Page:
Further, Italy has stopped growing. It has been through four recessions since it joined the euro in 1999. GDP will actually contract over the the next 10 years. This is going to make it a lot harder to pay off all the debt. It is not solvent with 1.9 trillion euros of debt outstanding.
Financial markets in Europe were closed when Berlusconi said he intended to quit, but on Wall Street shares rose after the announcement. Earlier, the interest rate on 10-year Italian bonds had edged closer to the danger level of 7% as uncertainty about Berlusconi's political future rattled investors. In Tuesday's vote to approve last year's public accounts, Berlusconi's rightwing coalition won the support of only 308 of the 630 members of the chamber. He will be hoping to persuade the president to call new elections in which Berlusconi could again play a role.
Private sector insurance players have been demanding abolition of the third party insurance pool, saying that the arrangement for sharing claims was denting their profits. Since the four public sector companies dominate the motor insurance market, private players lose out and at many times have to settle claims on their own
Hyderabad: The Insurance Regulatory and Development Authority (IRDA) on Tuesday said it will take a view on scrapping the third party motor insurance pool, used to settle claims of accident victims, after completing discussions with stakeholders, reports PTI.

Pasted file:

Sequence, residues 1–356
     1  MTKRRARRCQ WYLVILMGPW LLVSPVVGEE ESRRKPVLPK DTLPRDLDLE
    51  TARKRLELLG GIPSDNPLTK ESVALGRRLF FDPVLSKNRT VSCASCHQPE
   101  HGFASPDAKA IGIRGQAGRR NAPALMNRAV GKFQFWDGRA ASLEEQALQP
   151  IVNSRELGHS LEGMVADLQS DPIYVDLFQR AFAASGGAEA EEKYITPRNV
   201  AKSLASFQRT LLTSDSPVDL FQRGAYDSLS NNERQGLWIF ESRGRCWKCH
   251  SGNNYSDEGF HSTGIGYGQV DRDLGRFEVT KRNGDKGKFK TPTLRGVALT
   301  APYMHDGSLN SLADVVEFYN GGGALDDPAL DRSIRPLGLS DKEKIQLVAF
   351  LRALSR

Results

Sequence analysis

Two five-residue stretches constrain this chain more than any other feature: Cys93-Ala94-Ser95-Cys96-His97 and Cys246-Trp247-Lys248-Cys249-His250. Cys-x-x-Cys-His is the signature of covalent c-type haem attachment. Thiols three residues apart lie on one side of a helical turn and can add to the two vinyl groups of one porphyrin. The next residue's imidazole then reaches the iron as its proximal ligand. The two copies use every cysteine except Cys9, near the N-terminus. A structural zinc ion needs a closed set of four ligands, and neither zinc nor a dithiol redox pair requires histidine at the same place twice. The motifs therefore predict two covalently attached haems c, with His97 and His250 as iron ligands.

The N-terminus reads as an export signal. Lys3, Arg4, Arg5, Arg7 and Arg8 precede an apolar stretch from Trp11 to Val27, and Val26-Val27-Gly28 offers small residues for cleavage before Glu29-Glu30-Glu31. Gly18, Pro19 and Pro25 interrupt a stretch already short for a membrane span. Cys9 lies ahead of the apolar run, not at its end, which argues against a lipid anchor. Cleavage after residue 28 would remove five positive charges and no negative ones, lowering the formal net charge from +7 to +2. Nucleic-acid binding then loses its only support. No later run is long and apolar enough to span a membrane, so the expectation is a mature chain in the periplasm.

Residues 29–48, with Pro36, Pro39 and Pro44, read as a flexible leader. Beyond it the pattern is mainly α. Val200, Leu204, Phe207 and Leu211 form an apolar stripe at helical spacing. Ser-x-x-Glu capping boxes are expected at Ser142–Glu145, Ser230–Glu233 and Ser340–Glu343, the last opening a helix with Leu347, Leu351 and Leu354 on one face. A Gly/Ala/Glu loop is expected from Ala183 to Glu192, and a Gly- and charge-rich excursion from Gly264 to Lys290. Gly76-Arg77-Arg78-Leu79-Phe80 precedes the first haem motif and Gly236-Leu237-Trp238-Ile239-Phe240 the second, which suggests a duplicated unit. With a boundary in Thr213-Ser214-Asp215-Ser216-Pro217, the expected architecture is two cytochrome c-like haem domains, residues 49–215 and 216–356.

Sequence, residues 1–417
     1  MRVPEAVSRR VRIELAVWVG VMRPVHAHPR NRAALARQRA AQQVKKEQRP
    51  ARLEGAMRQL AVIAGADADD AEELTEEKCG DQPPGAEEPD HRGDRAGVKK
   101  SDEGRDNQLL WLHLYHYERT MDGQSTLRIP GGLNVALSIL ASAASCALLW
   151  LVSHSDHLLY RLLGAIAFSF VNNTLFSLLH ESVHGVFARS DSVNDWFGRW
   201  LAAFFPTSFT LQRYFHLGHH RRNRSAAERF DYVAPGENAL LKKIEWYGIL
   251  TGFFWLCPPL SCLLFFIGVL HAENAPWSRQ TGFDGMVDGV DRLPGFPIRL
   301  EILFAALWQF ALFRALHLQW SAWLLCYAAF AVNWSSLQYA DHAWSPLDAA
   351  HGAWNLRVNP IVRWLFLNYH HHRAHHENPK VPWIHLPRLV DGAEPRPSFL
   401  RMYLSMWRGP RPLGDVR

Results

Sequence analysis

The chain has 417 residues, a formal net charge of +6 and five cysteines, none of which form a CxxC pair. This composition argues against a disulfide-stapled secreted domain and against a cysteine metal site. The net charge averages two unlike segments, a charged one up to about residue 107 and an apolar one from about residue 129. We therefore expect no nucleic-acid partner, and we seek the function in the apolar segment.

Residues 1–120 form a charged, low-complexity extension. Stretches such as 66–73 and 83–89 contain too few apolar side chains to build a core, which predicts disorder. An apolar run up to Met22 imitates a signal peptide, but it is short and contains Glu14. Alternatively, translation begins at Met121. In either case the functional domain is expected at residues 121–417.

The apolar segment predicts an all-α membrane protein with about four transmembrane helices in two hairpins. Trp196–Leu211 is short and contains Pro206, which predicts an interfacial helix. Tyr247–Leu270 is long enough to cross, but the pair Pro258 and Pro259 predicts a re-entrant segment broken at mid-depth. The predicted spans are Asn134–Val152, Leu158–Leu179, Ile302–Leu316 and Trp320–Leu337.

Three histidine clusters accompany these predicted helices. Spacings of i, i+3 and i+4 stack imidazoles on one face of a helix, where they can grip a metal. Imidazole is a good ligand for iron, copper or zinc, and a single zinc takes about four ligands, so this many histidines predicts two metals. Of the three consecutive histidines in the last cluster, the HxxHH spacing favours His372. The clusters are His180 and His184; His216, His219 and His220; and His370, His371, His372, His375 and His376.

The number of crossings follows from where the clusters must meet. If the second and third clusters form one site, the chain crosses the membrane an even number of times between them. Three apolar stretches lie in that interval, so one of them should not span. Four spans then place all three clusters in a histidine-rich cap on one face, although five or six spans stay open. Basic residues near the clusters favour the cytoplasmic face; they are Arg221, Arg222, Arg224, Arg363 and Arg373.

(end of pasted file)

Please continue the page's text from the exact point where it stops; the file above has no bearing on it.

“Considerable amount of interactions or discussion are to take place. Consultations have to take place. No time frame for that (scrapping third-party motor insurance pool),” IRDA chairman J Hari Narayan told reporters here.
Private sector insurance players have been demanding abolition of the third party insurance pool, saying that the arrangement for sharing claims was denting their profits.
Claims from the third party (TP) pool are settled according to the ratio of market share of an insurer. Since the four public sector companies dominate the motor insurance market, private players lose out and at many times have to settle claims on their own.
The general insurance industry is expected to incur losses to the tune of Rs3,500 crore on account of motor insurance claims in the current fiscal.
Mr Hari Narayan said the pool was created to strike balance between supply and demand when the motor insurance market was imbalanced.
“So the question now is whether going forward should we be recognising the fact that demand and supply are in balance or we should change the architecture for the betterment of the policy holders,” he added.